Dividing hosta, according to my reading, is a big job and can be super intimidating.Dig 18 inches from the plant, then wash the roots so that you can see what you are doing. Then there is something about the crowns…I’ll admit, I quit reading at that point…

Maybe you’ve separated hostas like that before, however, they will be quite happy if you just go and do the EASY 1-2-3 method.

  • Dig in a circle around each plant, beginning about two inches from the base and pry them up using a shovel and possibly brute strength
  • Turn them over and chop them into sections with an ax
  • Put the sections into their new locations and tuck them in, then water well

And here’s some advice from my friend Dava:
“It’s better to try things and take risks in the garden than to be paralyzed by the fear you will hurt your plants. You may kill a few, but, more likely, you will end up with a beautiful garden that brings you hours of enjoyment.”


So go and get those hosta separated, you may even have extra to share with friends and neighbors!


Come and check out our selection of beautiful hosta, light green, huge, tiny, patterned leaves….there’s always just one more I have to add every spring.

Daylily Dividing in 3 Easy Steps

Too many Daylilies.  Said nobody.  Ever.

Probably the most known and common method of propagation is digging up the root ball and dividing the rhizomes. This can be done most anytime the plant is not in bloom. Ok, I admit, I have dug and divided them while in bloom but I can’t think of any reputable garden source that recommends this method! Generally, most sources suggest tackling this task in fall or early spring.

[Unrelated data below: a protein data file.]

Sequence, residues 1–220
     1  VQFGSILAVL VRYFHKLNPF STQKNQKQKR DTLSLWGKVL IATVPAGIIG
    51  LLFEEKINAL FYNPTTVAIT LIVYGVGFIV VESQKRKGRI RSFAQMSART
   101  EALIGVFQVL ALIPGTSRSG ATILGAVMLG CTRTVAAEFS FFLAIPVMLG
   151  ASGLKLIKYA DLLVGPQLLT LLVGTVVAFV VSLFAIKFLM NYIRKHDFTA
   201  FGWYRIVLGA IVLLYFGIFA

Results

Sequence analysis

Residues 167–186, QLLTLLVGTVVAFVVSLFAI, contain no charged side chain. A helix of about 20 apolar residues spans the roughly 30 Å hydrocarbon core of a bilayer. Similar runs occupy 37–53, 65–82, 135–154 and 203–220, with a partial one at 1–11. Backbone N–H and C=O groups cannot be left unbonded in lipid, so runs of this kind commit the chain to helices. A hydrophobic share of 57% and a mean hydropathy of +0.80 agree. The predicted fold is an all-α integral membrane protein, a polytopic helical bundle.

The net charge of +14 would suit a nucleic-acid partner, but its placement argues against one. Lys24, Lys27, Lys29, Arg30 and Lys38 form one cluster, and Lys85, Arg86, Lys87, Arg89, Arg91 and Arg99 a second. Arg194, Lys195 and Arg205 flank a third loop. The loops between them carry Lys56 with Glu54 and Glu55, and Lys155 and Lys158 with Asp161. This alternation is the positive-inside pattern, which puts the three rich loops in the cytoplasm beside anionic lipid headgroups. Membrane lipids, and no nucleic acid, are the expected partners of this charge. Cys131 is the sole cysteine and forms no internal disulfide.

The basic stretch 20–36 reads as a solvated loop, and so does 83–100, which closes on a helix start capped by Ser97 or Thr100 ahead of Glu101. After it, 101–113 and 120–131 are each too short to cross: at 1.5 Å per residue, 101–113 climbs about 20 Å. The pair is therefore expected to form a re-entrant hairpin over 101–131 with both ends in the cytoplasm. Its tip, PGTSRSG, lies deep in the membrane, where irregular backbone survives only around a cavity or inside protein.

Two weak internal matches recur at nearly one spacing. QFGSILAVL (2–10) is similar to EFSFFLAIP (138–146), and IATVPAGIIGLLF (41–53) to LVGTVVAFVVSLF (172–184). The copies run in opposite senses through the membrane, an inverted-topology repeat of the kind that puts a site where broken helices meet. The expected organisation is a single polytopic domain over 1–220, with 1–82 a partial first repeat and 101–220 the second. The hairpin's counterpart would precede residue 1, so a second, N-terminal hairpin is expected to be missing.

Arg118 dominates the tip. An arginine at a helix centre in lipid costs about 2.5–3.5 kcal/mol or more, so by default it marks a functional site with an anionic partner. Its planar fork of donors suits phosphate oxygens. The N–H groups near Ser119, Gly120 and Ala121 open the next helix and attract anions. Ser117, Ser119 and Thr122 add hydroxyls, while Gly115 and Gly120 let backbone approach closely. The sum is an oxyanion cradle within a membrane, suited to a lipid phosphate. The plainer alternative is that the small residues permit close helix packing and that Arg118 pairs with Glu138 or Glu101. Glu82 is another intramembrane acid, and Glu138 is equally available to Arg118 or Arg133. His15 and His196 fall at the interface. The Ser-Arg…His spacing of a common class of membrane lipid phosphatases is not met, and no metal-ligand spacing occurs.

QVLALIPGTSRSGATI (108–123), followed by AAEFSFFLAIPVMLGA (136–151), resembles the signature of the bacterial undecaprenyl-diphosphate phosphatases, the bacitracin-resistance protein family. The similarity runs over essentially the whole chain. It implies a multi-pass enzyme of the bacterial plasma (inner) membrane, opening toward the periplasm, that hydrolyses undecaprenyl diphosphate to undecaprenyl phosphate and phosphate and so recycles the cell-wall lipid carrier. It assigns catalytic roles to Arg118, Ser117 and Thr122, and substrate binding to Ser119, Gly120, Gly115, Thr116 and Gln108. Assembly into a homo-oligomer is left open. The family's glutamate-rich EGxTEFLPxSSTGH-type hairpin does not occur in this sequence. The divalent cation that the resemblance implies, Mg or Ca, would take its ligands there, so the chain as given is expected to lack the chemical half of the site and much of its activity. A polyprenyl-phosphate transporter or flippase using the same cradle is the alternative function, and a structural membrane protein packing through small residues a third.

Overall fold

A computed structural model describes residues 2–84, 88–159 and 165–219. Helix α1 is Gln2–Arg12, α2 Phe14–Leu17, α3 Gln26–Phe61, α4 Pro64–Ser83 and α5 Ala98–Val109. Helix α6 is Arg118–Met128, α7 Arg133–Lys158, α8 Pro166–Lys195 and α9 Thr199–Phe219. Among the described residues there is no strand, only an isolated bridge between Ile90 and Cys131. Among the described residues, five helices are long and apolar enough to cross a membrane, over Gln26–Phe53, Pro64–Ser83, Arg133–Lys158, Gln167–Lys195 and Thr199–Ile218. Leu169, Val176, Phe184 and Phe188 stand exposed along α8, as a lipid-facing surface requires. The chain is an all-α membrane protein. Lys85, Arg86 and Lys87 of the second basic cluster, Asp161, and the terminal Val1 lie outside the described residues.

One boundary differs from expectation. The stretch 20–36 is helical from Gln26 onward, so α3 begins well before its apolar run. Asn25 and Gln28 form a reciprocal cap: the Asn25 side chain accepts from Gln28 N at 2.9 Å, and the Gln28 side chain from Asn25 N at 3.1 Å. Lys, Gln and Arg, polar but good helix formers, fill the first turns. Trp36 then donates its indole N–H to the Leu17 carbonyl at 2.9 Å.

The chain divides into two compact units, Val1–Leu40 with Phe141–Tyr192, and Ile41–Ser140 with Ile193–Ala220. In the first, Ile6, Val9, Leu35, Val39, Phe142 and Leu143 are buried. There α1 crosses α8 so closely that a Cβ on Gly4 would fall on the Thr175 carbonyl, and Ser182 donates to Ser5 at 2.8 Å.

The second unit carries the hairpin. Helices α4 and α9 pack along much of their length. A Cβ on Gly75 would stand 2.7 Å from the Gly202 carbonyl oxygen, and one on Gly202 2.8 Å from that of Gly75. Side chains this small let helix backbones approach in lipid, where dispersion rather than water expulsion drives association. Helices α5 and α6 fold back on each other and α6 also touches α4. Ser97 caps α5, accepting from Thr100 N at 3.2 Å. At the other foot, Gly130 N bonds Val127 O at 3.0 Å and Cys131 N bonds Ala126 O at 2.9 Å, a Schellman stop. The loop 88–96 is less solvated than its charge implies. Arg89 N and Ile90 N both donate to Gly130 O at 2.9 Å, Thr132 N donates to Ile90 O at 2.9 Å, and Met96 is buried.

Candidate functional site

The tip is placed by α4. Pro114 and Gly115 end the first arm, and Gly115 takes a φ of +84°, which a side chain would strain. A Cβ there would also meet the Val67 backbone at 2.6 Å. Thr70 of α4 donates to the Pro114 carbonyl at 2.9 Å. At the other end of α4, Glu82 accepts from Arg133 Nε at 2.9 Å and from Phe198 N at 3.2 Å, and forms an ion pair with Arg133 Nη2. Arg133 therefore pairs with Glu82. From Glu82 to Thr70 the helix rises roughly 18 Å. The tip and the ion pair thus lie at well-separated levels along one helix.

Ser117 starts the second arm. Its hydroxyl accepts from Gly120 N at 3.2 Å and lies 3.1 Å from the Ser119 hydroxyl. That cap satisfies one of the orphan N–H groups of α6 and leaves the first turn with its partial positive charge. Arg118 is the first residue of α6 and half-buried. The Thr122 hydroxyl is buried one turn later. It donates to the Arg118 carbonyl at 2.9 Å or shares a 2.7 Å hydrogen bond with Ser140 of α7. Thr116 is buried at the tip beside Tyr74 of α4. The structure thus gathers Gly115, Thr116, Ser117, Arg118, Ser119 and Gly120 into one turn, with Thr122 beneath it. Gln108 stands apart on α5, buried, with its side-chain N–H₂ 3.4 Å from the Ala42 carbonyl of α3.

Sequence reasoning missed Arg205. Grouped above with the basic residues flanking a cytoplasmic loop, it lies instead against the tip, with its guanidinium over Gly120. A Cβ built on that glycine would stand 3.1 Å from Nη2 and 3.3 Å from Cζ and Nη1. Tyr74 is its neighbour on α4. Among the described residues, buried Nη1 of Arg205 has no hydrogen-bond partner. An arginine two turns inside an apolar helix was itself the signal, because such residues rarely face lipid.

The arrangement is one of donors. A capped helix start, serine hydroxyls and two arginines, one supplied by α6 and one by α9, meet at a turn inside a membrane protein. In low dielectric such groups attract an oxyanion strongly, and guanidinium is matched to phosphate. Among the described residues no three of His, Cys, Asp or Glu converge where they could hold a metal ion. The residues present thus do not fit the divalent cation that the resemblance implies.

daylily divisions
1. Dig up the clump

2. Divide by pulling or cutting apart the root ball

3. Trim as needed, replant or share.

Another, lesser known, method is to harvest the proliferations. After the daylilies have finished blooming and before the stalks turn completely brown, it’s a good time time to check the scapes for proliferations. Cut any you find with about 2 inches of stalk remaining and pot them up. Don’t have any pots around? Put the ‘baby’ in a glass of water. Be sure to label them so you’ll know “who’s who” in the spring.
Keep them in a sunny window for the winter before transplanting them back into the garden come spring. This proliferation will be an identical twin to the parent plant.
Daylily ProliferationsIn just a little time, you have increased your supply of lovely daylilies for your own garden or as gifts to your family and friends.

Belle’s Best Rhubarb Pie

Rhubarb Pie

Rhubarb Pie

Rhubarb Pie: The combination of cake base, tart rhubarb filling and sweet topping is irresistible.  I bake mine in a springform pan and it is always gone in no time.

  • Wash and cut 6-8 stalks of rhubarb into bite-size pieces.
  • Mix 5 egg yolks with 1 package Vanilla Pudding Mix (the type that needs to be cooked) and pour over the rhubarb. Stir until well coated and set aside.